I read far too little poetry, but I make it a priority to get my hands on any new work by Alice Oswald—currently in the running to succeed Simon Armitage as Oxford Professor of Poetry—ever since I read and was bewitched by her A Sleepwalk on the Severn. This new book-length poem is a collage of water-stories, taken mostly from "The Odyssey". Several unnamed voices drift in and out of the poem, recognisably those of such mythical characters as Helios, Icarus, Calypso, Poseidon and Hermes, but mostly there is the sea, and a mesh of sound and light and water.
Nobody is Oswald’s most formally freehand work, a fragmentary gathering of murmurings searching for the excitement of new meaning. It started life last year as words running round the walls of a gallery showing watercolours by William Tillyer, and as a standalone poem swimming in white space it sometimes feels a little lost.
But it is best read as a tragic meditation on how the anarchic realm of the sea in Greek mythology brings human endeavour to the “simple mineral monologue” of tears. Oxford’s new professor is writing a book about Homer; few poets know the subject better.
Oswald is at the top of her form here – note the apparent effortlessness of the writing, the casual economy of a phrase like “breakneck cliffs”. There’s a marvellously comic exactitude at times but it isn’t allowed to undermine the prevailing sobriety. I loved the fond, accurate glimpse of “seals breathing out the sea’s bad breath/snuffle about all afternoon in sleeping bags.” And she writes beautifully about a distrait dawn and then there is the entertaining originality of this image: “and sometimes mist a kind of stupefied rain/slumps over the water like a teenager”. Occasional contemporary references (commuters, subtitles, a briefcase) are lightly judged, the seascape’s anachronistic driftwood.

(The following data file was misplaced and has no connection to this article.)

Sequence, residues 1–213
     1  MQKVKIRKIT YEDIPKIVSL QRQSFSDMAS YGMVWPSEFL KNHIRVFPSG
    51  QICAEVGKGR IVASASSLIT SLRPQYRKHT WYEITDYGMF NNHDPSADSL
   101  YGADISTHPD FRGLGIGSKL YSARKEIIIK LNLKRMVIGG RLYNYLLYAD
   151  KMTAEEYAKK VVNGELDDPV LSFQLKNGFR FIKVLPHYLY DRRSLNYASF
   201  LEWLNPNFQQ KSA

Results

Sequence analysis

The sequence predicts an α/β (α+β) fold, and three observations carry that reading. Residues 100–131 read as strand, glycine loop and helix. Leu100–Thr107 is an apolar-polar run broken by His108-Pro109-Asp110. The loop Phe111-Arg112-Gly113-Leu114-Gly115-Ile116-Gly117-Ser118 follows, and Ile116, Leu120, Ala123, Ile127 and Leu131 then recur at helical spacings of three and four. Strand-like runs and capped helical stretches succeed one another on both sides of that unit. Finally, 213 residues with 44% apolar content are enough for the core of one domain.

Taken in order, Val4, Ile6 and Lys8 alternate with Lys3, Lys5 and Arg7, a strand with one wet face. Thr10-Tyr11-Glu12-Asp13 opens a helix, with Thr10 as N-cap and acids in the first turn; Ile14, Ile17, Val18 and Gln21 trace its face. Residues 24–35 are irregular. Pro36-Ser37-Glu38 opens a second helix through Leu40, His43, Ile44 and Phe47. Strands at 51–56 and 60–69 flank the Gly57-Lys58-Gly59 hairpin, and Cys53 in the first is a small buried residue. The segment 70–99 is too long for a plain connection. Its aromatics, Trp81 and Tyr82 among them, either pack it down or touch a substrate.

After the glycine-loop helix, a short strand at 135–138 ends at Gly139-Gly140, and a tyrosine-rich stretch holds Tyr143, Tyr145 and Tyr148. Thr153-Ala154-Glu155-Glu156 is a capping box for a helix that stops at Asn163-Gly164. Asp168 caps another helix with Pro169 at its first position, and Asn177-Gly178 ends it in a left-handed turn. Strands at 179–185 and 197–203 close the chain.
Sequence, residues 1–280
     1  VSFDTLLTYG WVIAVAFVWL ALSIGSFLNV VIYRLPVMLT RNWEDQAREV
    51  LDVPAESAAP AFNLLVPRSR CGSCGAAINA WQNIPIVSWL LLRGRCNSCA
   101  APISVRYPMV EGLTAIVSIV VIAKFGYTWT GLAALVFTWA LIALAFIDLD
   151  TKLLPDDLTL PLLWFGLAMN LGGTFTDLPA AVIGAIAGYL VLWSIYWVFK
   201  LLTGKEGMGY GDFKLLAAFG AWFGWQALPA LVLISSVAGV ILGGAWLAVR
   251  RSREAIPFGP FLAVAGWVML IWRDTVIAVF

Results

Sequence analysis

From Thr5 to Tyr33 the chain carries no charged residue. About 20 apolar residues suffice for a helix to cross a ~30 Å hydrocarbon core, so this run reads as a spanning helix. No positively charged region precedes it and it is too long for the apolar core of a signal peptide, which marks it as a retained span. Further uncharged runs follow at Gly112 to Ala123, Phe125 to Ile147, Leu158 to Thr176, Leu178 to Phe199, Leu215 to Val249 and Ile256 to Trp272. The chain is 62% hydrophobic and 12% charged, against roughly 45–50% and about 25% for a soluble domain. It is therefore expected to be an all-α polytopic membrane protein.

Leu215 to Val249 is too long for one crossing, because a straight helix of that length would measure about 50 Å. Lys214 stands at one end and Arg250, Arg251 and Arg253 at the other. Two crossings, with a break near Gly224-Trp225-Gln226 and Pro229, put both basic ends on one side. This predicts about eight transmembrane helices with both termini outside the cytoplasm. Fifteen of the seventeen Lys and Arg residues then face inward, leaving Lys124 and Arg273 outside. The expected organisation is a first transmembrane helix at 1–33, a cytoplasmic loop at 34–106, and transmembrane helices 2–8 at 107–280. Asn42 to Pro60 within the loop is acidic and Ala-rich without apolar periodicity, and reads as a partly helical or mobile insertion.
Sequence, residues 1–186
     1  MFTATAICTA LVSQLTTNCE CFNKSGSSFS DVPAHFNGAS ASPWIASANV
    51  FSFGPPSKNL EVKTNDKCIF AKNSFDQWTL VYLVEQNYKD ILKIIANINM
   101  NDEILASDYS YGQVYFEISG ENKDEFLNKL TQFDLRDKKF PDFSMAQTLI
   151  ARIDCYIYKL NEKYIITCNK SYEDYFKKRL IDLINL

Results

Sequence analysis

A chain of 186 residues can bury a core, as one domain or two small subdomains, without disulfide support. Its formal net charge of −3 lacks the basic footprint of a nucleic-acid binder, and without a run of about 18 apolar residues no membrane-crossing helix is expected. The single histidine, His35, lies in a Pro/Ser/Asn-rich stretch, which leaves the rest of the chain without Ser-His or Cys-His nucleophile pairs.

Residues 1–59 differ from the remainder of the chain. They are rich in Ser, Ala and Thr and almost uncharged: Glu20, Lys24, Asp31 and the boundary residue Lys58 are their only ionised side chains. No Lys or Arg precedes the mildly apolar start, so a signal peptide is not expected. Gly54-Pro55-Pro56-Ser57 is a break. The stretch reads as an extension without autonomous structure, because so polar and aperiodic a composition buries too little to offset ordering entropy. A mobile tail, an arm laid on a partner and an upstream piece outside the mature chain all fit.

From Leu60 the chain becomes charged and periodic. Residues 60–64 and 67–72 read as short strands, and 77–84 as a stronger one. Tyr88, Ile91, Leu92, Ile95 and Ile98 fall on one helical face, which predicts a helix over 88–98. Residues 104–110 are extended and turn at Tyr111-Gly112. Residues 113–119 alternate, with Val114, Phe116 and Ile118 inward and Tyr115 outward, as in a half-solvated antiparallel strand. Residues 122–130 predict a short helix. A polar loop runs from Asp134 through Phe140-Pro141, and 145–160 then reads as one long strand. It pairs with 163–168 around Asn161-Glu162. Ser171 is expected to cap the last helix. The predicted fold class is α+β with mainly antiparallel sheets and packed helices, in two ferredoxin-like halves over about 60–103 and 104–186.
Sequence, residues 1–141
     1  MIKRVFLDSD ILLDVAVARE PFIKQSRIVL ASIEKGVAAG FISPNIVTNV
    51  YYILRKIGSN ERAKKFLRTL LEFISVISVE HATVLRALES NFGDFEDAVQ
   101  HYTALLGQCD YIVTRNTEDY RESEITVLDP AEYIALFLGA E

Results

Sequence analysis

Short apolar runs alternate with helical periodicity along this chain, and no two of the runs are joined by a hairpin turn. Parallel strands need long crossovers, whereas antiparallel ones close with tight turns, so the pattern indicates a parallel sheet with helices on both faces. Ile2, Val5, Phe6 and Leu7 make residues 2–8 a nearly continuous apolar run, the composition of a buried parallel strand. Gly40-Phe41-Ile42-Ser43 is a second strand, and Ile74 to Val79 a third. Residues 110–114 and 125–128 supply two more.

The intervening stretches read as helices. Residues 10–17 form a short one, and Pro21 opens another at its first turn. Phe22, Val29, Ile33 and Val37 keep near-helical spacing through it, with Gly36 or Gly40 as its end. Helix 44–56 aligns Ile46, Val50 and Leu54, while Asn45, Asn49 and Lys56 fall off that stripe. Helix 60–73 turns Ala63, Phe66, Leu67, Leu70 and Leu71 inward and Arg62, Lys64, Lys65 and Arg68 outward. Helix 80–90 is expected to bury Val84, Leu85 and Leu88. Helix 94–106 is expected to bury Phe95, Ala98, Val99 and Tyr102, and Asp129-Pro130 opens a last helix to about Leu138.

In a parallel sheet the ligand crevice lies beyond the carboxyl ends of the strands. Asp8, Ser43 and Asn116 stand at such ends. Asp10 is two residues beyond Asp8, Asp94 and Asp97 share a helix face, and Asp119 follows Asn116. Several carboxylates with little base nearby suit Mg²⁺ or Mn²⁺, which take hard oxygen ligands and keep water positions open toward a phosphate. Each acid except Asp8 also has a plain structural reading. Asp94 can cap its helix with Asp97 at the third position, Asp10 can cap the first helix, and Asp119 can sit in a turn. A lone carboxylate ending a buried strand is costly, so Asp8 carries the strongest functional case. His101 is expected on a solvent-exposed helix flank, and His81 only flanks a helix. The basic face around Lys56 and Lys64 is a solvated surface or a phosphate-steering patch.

The book’s meticulous vagueness and slippery approach to self could allow for rich psychodrama, if Oswald focused on the characters mentioned in her opening note. There are flashes of this: when we’re told the sea “incriminates the waves/ and certain fish conceal it in their shells” (italics mine), there’s a frisson on realising that the current speaker is Clytemnestra plotting her husband’s death.
But the poet can’t resist bringing in Philoctetes, Philomela and dozens more mythical party-crashers. Icarus appears in an alliterative flight that is, for Oswald, uncharacteristically over-egged... If it feels like something’s missing, that’s because it is: the music and pictures. This is the third published version of Nobody, and the first to present the poem alone. It began as a 2018 art-book, with Oswald’s words alongside the watercolours by William Tillyer that inspired them. Then there was a musical score for a reading Oswald gave with the pianist Joanna Macgregor, with photographs of the ocean and directions like “the voice returns but must struggle against the piano”. Oswald is a magnetic performer; I wish I’d been there.
[Oswald's] latest book stems from verse written to accompany the watercolours of William Tillyer. Fitting the original collaboration, Nobody — now edited for publication by the Man Booker-shortlisted poet Robin Robertson — is a paean to water, to the fluidity of language and the porousness between beings and stories... Both form and language echo the ceaseless drift, flitting movement and translucence of their uncontainable body — “How does it start the sea has endless beginnings” — and, as with any memorable trip, the effects of reading Nobody linger in and around the mind long after the experience has passed.